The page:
The New Yorker

Kristen Roupenian, American writer. (Bruno Arbesu/REA/Redux)

The real Cat Person has spoken—but is there a real Cat Person? 

What the saga of a short story tells us about sex, lies and truth in fiction

Gay Talese on the creepiest motel in America

The New Journalism pioneer shares an unsettling, uncertain 30-year-old secret in ‘The Voyeur’s Motel’

Cartoonist’s graphic memoir tackles parental old age and death

Review of ‘Can’t We Talk About Something More Pleasant’ by Roz Chast

A writer’s love affair with George Eliot’s ‘Middlemarch’

A review of My Life In Middlemarch by Rebecca Mead

‘I was very well-hidden in plain sight’

Françoise Mouly defined The New Yorker and the graphic arts, though is best known as Mrs. Art Spiegelman


Calvin Trillin and Adam Gopnik on Canadian comestibles

The two writers talked bagels, smoked meat and ice wine while delighting a crowd of food lovers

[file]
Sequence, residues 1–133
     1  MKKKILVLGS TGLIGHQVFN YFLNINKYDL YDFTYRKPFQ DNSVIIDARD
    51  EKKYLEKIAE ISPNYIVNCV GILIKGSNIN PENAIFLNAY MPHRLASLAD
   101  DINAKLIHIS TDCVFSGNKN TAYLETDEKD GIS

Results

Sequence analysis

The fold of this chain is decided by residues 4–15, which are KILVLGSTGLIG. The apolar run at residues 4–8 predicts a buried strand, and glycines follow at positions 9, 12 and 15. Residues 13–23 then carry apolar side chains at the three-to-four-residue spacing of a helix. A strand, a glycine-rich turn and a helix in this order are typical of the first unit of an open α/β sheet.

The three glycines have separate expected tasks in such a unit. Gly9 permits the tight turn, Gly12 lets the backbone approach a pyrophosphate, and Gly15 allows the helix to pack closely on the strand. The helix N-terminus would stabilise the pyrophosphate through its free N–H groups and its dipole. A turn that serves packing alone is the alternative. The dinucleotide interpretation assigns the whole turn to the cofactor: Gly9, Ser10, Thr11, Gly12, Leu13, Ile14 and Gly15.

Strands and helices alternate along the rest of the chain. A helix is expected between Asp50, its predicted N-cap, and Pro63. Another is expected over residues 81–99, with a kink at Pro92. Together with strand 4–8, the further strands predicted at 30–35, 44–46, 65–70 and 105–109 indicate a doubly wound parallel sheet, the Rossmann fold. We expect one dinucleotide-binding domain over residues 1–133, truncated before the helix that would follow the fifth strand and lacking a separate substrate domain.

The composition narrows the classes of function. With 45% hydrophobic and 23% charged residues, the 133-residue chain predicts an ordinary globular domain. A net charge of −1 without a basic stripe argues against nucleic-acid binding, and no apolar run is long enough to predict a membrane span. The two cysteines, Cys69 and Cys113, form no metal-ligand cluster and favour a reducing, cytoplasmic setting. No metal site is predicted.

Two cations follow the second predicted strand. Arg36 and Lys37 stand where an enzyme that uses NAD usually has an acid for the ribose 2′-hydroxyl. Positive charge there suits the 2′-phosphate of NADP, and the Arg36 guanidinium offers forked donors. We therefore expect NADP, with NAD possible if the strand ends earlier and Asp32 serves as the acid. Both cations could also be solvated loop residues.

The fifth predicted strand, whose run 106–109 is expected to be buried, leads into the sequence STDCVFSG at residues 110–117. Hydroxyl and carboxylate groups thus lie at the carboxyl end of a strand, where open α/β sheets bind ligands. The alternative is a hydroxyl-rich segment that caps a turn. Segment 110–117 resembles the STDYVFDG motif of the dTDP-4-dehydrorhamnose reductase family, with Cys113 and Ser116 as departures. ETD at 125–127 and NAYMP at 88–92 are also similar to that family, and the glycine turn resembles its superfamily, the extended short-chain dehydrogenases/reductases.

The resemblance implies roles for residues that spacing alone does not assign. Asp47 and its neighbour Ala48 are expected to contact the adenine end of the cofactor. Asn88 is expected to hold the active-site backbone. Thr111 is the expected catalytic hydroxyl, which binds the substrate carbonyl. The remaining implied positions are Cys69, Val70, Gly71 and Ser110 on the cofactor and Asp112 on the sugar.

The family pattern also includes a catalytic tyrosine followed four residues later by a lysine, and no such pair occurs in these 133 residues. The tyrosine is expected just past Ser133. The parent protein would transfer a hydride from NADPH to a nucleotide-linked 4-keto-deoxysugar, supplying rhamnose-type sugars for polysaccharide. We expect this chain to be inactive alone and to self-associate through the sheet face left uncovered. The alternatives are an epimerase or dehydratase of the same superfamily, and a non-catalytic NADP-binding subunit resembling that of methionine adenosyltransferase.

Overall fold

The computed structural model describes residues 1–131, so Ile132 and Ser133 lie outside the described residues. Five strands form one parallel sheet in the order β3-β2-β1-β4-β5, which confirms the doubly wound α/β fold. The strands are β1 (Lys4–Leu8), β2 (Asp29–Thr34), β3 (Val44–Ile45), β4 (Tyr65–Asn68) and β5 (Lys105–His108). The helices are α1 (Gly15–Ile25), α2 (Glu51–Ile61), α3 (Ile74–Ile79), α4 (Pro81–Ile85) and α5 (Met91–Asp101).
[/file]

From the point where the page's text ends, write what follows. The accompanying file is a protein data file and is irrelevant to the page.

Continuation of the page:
Canada’s Top Five university comics

Prof. Pettigrew ranks our campus cartoonists


And, oh yeah, it’s about ants

Every so often the New Yorker gives readers their first glimpse of a classic of American fiction. Indeed, all the other apparent functions of that organ are peripheral. What must it have been like to open up the magazine and get hit between the eyes with “The Secret Life of Walter Mitty” or “The Lottery” or In Cold Blood or Maus? Today, my friends, you get to find out. “Trailhead” is a free-standing excerpt from the forthcoming first novel by the naturalist E.O. Wilson.


Amazing hidden magazine-cover debates of the future

Two things about the New Yorker terrorist-fist-bump cover, which I will now ruin your mind by reproducing here: